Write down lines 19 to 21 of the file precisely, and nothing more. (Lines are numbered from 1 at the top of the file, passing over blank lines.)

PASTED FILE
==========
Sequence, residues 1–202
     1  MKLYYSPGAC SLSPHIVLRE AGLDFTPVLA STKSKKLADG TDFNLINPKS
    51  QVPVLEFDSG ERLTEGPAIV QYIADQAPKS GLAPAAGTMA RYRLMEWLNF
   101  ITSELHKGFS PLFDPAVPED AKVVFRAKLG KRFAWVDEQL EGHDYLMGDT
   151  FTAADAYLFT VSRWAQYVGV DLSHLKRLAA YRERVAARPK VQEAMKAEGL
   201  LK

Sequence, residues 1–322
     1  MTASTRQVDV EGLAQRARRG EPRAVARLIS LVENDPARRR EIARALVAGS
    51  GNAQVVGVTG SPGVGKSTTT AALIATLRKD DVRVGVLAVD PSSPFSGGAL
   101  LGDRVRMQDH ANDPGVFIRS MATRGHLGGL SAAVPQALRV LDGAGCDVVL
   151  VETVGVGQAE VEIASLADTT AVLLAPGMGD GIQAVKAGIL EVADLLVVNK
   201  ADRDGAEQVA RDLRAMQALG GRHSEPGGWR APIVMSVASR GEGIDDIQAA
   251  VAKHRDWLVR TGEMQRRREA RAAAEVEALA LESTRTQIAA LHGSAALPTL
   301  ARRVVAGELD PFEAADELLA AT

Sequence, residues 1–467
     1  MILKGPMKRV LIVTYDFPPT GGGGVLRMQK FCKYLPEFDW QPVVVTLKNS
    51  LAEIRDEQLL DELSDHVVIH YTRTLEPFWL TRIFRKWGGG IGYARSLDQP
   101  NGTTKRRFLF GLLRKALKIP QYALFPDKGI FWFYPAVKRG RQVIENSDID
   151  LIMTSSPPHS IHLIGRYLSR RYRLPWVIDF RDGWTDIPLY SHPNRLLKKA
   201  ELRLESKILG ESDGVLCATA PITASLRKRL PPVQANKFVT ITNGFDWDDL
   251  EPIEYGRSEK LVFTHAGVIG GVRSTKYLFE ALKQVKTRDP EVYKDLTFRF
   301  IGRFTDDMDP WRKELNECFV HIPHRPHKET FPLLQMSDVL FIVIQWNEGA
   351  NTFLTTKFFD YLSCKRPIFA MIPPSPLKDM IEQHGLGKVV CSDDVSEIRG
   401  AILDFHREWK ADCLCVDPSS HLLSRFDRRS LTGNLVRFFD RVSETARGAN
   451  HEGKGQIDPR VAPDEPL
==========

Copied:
   151  LIMTSSPPHS IHLIGRYLSR RYRLPWVIDF RDGWTDIPLY SHPNRLLKKA
   201  ELRLESKILG ESDGVLCATA PITASLRKRL PPVQANKFVT ITNGFDWDDL
   251  EPIEYGRSEK LVFTHAGVIG GVRSTKYLFE ALKQVKTRDP EVYKDLTFRF